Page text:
Solimar International has been working on the Lewis and Clark National Historic Trail project since 2016 to improve the connection among the services and tourists’ products available along the route and to make them easily accessible to visitors. Solimar helped to launch the website Lewis and Clark Travel, where the local stakeholders can advertise their business to visitors. Navigating through the website is simple and there is an interactive map which facilitates the visitors’ search through areas of interest on the trail!
What is ecotourism?
Ecotourism aims to reduce the negative impacts of tourism and it is in line with the environmental concerns of the sustainable tourism practice. This niche market is becoming more and more popular among travelers as a sustainable substitute to mass tourism.
Type of tourism definition: ecotourism
The International Ecotourism Society defines ecotourism as the responsible way to travel to natural areas. Ecotourism is important as it involves conservation, interpretation and education of such environments, as well as aiming to sustain the well-being of the local people. Ecotourism is a nature-based form of tourism practiced by tourists interested in experiencing nature and appreciating the traditional cultures established in those natural areas.
Why is ecotourism important?
To better understand what ecotourism is , what it offers and why it is important, we will briefly go through the main benefits of this practice.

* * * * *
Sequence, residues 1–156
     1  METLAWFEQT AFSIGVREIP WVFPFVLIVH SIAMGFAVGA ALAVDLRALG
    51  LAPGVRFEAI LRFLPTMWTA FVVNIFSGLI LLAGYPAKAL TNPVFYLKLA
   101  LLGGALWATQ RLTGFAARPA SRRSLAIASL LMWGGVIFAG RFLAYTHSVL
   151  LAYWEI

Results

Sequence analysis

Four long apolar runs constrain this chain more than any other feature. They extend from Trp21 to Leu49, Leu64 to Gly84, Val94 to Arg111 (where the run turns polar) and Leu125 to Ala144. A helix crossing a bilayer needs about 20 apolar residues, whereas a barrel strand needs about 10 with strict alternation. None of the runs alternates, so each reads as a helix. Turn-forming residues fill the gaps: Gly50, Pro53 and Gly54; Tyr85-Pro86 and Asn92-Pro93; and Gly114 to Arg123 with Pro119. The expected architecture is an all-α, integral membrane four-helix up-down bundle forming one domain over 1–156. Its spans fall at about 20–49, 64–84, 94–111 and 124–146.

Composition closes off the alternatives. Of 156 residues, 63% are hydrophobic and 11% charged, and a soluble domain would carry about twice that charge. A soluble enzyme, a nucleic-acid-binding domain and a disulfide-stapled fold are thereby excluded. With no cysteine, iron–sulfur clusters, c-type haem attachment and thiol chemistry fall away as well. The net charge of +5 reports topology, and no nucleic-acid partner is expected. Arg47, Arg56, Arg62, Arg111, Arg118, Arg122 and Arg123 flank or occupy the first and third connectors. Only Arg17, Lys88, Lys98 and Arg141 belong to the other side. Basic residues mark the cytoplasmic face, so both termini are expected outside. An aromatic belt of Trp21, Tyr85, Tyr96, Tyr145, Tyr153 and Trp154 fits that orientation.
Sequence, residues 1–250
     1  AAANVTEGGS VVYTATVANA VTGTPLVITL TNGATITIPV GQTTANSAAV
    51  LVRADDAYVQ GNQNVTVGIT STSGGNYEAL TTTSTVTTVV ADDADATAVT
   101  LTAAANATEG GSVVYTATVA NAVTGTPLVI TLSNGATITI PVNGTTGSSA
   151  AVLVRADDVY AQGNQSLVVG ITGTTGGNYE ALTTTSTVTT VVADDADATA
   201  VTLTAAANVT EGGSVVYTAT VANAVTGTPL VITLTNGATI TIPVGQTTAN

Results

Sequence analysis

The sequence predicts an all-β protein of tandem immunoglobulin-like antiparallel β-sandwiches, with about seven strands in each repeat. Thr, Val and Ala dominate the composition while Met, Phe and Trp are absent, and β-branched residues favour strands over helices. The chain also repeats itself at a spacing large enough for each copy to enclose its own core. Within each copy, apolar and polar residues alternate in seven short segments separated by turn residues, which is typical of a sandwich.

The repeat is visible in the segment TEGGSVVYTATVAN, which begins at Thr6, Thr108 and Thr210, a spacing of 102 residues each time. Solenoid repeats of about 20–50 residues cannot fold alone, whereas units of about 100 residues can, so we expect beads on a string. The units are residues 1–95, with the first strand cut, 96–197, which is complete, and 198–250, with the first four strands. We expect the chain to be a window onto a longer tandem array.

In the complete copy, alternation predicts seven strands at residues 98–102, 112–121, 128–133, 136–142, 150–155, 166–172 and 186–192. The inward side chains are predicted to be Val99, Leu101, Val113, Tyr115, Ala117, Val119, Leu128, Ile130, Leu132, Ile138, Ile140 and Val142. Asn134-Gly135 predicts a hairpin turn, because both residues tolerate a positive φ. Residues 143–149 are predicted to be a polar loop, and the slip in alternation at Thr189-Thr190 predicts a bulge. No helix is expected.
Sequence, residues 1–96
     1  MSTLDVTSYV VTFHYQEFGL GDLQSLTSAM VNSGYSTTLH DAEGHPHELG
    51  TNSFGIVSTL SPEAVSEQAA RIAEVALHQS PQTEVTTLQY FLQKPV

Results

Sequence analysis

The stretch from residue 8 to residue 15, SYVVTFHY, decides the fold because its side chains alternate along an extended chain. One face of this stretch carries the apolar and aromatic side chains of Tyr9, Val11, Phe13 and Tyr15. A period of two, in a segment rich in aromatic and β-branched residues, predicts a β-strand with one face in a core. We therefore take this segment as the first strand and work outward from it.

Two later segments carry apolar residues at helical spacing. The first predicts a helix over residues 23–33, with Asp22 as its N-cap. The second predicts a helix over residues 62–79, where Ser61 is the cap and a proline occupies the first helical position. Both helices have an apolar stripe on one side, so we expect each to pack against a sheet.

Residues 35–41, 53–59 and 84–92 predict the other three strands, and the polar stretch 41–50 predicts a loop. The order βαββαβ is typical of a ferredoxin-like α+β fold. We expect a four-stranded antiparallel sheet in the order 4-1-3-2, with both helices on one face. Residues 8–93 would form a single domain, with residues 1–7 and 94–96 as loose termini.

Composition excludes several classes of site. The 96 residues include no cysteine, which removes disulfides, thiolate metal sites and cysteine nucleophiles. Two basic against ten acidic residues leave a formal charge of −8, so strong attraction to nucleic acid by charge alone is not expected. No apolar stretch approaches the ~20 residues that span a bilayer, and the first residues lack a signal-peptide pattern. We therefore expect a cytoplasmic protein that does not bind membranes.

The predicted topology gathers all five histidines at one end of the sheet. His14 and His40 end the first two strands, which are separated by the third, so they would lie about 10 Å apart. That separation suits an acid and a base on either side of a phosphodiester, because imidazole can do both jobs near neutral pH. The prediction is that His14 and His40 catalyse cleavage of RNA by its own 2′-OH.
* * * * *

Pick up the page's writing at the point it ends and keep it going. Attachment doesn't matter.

- Increase environmental awareness: Tourists and local communities engaging in ecotourism activities become more aware of a range of environmental issues such as global warming, loss of natural resources and endangerment of wild species.
- Preservation of the environment for future generations: As a result of the positive implications of ecotourism activities in certain areas, many environments can be protected and preserved for future generations.
- Boost cross-cultural knowledge: Tourists participating in ecotourism have the opportunity to experience native communities closely, learn more about their culture and appreciate their traditions.
- Support the local economy: In most cases, ecotourism is practiced in remote areas, where the local population does not have many job opportunities. This form of tourism can contribute to reducing poverty by creating job opportunities for the locals and generating revenues to re-invest and to improve the locals’ quality of life.
Ecotourism destination example: Liberia
Liberia is home to the Upper Guinean Rainforest, and its ecosystems contain the highest levels of biodiversity in the region. Ecotourism practices would preserve the environment and the endangered species of this area and reduce the threats such as poaching and deforestation. Additionally, ecotourism would create opportunities for sustainable local economic growth. Solimar has been working on a 5-year conservation project in the country to assist all the local activities in order to establish ecotourism. Solimar aims to develop an inclusive, multi-sectoral approach that engages communities in the management of protected areas, enabling them to be capable of conserving Liberia’s rich biodiversity and ensuring sustainable long-term economic growth.
So, what is the best type of tourism?
While there is no definite answer on which type of tourism is the best one, there’s one thing we know for sure: tourism is best when it uses its power to generate positive impacts on the environment, local people, and the local economy of the destinations.
Interested in learning more about these types of tourism? Keep up with Solimar and our new projects- don’t forget to like us on Facebook and LinkedIn!
Blog by Veronica Santapa and Izabela Soja